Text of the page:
When you’re searching for a new HVAC system, there are a lot of factors to think about. Is it the right size for your home? Will it be energy efficient? How does the system work with your finances? Will the HVAC system be quiet enough for your space? How will it impact the air quality? It can be overwhelming. On top of all the questions you have, some HVAC knowledge seems just out of reach. The acronyms and shorthand that industry professionals use can be confusing for the average individual. Lucky for you, the professionals at Walter's-Eaton's Electric, Plumbing, Heating & AC are breaking down the system ratings to provide more education as you head into the purchasing process:
Annualized Fuel Utilization Efficiency (AFUE): This efficiency rating is a ratio that compares how much of the fuel you use in your furnace to the amount turned into useable heat. You’ll find that the better systems have a higher percentage of heat used.
If your system has an AFUE rating of 85, that means the system converts 85 percent of the fuel used into useable heat. A system with an AFUE of 90 or higher is considered high efficiency. Lennox has residential furnaces with ratings up to 98.7—the highest in the industry.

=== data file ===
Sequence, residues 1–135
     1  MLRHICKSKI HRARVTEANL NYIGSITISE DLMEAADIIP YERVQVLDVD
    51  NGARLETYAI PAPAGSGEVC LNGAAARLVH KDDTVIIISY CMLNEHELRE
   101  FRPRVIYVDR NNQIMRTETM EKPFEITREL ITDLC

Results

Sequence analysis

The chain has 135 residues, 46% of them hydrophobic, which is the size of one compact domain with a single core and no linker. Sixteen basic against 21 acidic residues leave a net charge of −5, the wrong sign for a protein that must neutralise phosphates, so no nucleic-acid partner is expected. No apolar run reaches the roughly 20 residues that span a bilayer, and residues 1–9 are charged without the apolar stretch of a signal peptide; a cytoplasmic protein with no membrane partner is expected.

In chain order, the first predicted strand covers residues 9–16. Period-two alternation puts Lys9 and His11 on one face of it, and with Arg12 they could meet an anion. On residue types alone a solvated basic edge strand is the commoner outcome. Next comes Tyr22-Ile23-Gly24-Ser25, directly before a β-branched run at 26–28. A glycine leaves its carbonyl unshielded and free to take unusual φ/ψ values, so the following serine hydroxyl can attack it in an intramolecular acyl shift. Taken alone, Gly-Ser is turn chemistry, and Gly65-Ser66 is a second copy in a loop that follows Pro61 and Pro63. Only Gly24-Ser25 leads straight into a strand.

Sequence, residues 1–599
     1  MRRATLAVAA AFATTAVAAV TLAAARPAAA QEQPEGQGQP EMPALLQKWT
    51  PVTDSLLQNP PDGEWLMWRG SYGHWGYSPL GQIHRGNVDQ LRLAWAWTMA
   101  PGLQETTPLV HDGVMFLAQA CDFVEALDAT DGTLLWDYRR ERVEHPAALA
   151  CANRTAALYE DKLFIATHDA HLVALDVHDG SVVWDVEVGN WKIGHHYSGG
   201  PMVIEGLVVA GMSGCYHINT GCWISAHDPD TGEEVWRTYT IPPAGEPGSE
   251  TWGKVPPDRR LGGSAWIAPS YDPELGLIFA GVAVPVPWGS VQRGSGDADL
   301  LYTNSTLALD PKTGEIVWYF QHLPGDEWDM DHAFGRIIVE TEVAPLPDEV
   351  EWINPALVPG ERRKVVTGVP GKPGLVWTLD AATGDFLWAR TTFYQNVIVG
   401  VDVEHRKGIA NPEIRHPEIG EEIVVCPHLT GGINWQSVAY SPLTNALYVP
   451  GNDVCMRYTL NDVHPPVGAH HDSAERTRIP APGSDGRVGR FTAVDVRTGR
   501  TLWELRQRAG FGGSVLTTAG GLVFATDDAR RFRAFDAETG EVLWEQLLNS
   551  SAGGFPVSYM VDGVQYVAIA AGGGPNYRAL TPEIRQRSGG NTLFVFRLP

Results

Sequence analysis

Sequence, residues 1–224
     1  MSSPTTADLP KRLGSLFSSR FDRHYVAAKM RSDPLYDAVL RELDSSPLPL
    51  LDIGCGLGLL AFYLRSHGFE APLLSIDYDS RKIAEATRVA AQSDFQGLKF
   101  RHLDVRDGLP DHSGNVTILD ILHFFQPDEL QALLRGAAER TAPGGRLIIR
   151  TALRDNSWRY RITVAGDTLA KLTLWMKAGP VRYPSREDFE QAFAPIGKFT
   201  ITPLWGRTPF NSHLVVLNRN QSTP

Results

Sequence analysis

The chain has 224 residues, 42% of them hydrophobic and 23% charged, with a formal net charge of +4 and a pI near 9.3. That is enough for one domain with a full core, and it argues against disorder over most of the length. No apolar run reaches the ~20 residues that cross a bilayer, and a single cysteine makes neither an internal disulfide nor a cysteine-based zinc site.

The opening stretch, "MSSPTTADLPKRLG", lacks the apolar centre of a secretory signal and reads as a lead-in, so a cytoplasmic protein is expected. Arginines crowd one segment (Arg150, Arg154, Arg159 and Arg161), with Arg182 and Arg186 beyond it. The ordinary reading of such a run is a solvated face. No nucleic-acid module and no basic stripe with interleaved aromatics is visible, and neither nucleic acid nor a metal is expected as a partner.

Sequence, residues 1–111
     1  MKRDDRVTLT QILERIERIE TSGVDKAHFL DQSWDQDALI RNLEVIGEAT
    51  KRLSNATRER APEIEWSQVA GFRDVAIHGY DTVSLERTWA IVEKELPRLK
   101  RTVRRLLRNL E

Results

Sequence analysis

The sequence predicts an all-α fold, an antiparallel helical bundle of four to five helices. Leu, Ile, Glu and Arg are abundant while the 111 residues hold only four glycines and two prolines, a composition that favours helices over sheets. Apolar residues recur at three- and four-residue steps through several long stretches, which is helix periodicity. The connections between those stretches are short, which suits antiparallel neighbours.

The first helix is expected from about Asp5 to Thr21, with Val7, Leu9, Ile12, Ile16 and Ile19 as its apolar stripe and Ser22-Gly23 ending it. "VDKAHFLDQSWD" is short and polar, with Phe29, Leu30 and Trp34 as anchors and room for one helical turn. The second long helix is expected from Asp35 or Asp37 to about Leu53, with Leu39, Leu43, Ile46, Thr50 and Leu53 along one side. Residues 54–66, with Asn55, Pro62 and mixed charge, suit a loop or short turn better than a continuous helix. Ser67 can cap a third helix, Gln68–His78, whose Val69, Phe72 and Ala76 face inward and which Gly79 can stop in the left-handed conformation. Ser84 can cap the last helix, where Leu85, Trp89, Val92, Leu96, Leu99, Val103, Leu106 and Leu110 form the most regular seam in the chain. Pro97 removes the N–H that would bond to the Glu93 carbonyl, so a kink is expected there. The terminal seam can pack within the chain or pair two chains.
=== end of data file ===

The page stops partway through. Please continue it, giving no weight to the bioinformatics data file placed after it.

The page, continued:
Seasonal Energy Efficiency Ratio (SEER): Both heat pumps and air conditioners use this rating. Similar to AFUE, this ratio looks at how much of the fuel used to power a home comfort system is converted to cooling output. A more efficient system will have a higher SEER rating.
Minimum SEER ratings vary between regions. Choosing a high efficiency model may be more expensive on the front end, but you’ll see greater energy savings throughout the years. Lennox makes air conditioners with SEER ratings up to 26—another industry leading rating.
Heating Seasonal Performance Factor (HSPF): Looking into heat pumps? This is the heating efficiency rating you need to know. You’ll want to look for heat pumps with a higher rating if efficiency is your goal. If you are in the market for a heat pump that’s ENERGY STAR® efficient, you’ll need a rating above an 8.2—as well as a SEER rating above 12.
Minimum Efficiency Reporting Value (MERV): Air filters have holes that let air and particles to move within your indoor space. MERV measures the size of the holes. The higher the rating, the smaller the holes in the filter—and a decrease in the number of particles that enter into your home. If you’re seeking a more efficient filter, find one with a MERV rating of 10 or higher.
Air filters are essential to indoor air quality. Make sure to find the rating that works with your home, with your system and change the filter on a consistent basis.
Keeping these ratings in mind as you begin looking for a new system will help ensure you find one that meets your needs and will work with your home. If you’re ready to find the best solution, or you have more questions about system ratings, call the pros at Walter's-Eaton's Electric, Plumbing, Heating & AC. You can reach us at 715-318-6728 We’re here to answer your questions and get you on the path to home comfort.